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article imageNECC pharmacy fungal contamination owners arrested

By Tim Sandle     Dec 18, 2014 in Health
Two co-founders along with 12 other former employees of a Massachusetts compounding pharmacy, linked to a fungal meningitis outbreak that killed 64 people, have been arrested. One charge is second-degree murder.
As Digital Journal reported back in 2012, a U.S. compounding pharmacy called the new England Compounding Center (NECC) announced a recall of all its products. This was due to a contaminated steroid product, made up of over 17,000 vials, being distributed across 23 U.S. states. The product was contaminated with a fungus and the fungus triggered meningitis. The steroid was called methylprednisolone acetate. The medicine was used to treat pain and swelling that occurs with arthritis and other joint disorders, via injection into the spinal cord.
The U.S. Centers for Disease Control and Prevention (CDC) later estimated that over 700 people nation-wide were diagnosed with fungal meningitis or other serious fungal infections. At least 64 deaths were confirmed.
The issue led to a national inquiry, together with hearings in the U.S. Senate. Earlier this year, the pharmacist who oversaw the sterile compounding at the facility was arrested at Logan Airport as he was about to board a plane for Hong Kong. He was charged with knowingly releasing a contaminated steroid product which caused several deaths.
Now the news has come in that the big arrests have been made. On December 17, Barry Cadden, a co-founder of the New England Compounding Center, and Glenn Adam Chin, a pharmacist who was in charge of the aseptic processing area were detained and accused under a federal racketeering indictment of causing the deaths of patients in several states by "acting in wanton and willful disregard of the likelihood" that their actions would cause death or great bodily harm.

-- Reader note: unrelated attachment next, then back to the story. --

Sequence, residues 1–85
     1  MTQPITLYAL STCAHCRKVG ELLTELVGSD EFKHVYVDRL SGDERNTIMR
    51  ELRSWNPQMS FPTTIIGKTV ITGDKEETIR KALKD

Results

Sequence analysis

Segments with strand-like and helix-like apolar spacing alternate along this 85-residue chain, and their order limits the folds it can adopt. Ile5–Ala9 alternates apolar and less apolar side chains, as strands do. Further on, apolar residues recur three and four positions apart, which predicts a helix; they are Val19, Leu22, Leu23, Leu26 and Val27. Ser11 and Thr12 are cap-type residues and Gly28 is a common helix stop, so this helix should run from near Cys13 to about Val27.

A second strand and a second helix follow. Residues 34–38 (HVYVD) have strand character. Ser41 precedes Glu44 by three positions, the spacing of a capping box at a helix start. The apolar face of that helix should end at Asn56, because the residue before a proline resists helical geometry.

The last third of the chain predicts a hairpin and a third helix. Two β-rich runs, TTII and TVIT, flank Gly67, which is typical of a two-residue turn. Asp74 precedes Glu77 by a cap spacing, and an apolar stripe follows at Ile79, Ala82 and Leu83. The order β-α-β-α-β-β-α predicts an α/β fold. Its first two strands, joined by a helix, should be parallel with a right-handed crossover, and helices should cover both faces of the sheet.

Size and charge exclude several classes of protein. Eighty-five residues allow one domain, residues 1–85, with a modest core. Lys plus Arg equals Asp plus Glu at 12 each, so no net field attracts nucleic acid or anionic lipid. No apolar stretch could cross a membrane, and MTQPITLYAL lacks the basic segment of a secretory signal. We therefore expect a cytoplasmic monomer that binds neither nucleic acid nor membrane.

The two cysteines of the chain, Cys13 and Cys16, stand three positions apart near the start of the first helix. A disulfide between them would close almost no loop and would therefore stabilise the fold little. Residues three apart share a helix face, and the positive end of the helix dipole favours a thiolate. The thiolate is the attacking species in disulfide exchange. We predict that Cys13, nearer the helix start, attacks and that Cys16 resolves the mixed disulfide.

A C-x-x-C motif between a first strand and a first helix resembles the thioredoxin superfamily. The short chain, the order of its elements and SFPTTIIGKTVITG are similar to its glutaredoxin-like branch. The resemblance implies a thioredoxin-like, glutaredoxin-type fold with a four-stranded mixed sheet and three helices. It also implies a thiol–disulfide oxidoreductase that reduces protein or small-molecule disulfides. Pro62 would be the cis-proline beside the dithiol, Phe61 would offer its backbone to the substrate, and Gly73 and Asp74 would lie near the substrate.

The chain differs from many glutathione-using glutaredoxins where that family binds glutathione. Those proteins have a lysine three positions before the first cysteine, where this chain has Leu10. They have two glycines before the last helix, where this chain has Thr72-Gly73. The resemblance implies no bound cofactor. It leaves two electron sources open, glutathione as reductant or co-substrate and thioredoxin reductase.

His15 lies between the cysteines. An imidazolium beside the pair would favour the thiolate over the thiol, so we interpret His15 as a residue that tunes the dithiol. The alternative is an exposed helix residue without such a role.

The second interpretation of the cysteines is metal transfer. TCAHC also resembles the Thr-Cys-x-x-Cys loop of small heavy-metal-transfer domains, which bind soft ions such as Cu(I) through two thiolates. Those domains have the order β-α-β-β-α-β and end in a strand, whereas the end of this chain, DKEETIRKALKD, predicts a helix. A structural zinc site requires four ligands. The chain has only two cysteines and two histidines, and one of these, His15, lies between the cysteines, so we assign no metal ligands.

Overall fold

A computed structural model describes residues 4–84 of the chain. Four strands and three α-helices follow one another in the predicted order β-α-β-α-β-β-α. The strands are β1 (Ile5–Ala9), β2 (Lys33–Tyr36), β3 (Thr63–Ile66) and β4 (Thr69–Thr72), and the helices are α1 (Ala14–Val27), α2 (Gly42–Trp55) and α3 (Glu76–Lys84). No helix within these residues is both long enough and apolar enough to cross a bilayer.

Alongside the major two arrests, 12 others have also been charged with offenses. This group face charges ranging from mail fraud to the introduction of adulterated and misbranded drugs into interstate commerce.
One of the root causes for the contamination was poor hygiene. This tallies with something that emerged from the U.S Food and Drug Administration (FDA) investigation, according to CBS News, here it is alleged that pharmacy technicians were instructed to lie on cleaning logs, showing rooms were properly cleaned when they had not been. Other issues of concern were standing water, mold, water droplets and dirty equipment. With the fungus issue, according to a former NECC technician, mold was found in the cleanroom a dozen times during a span of three years.
Furthermore, according to the 73-page indictment, unsealed Wednesday, from 2008 to 2012 the pharmacy allegedly disguised expired or expiring stock solutions by mixing them with current stocks and passing off the finished solution as an up-to-date product.
The outbreak also sparked Congress to create a new voluntary regulatory category for large compounders in the 2013 Drug Quality and Security Act to bring them under GMP rules.
More about NECC, new england compounding center, Pharmacy, Meningitis
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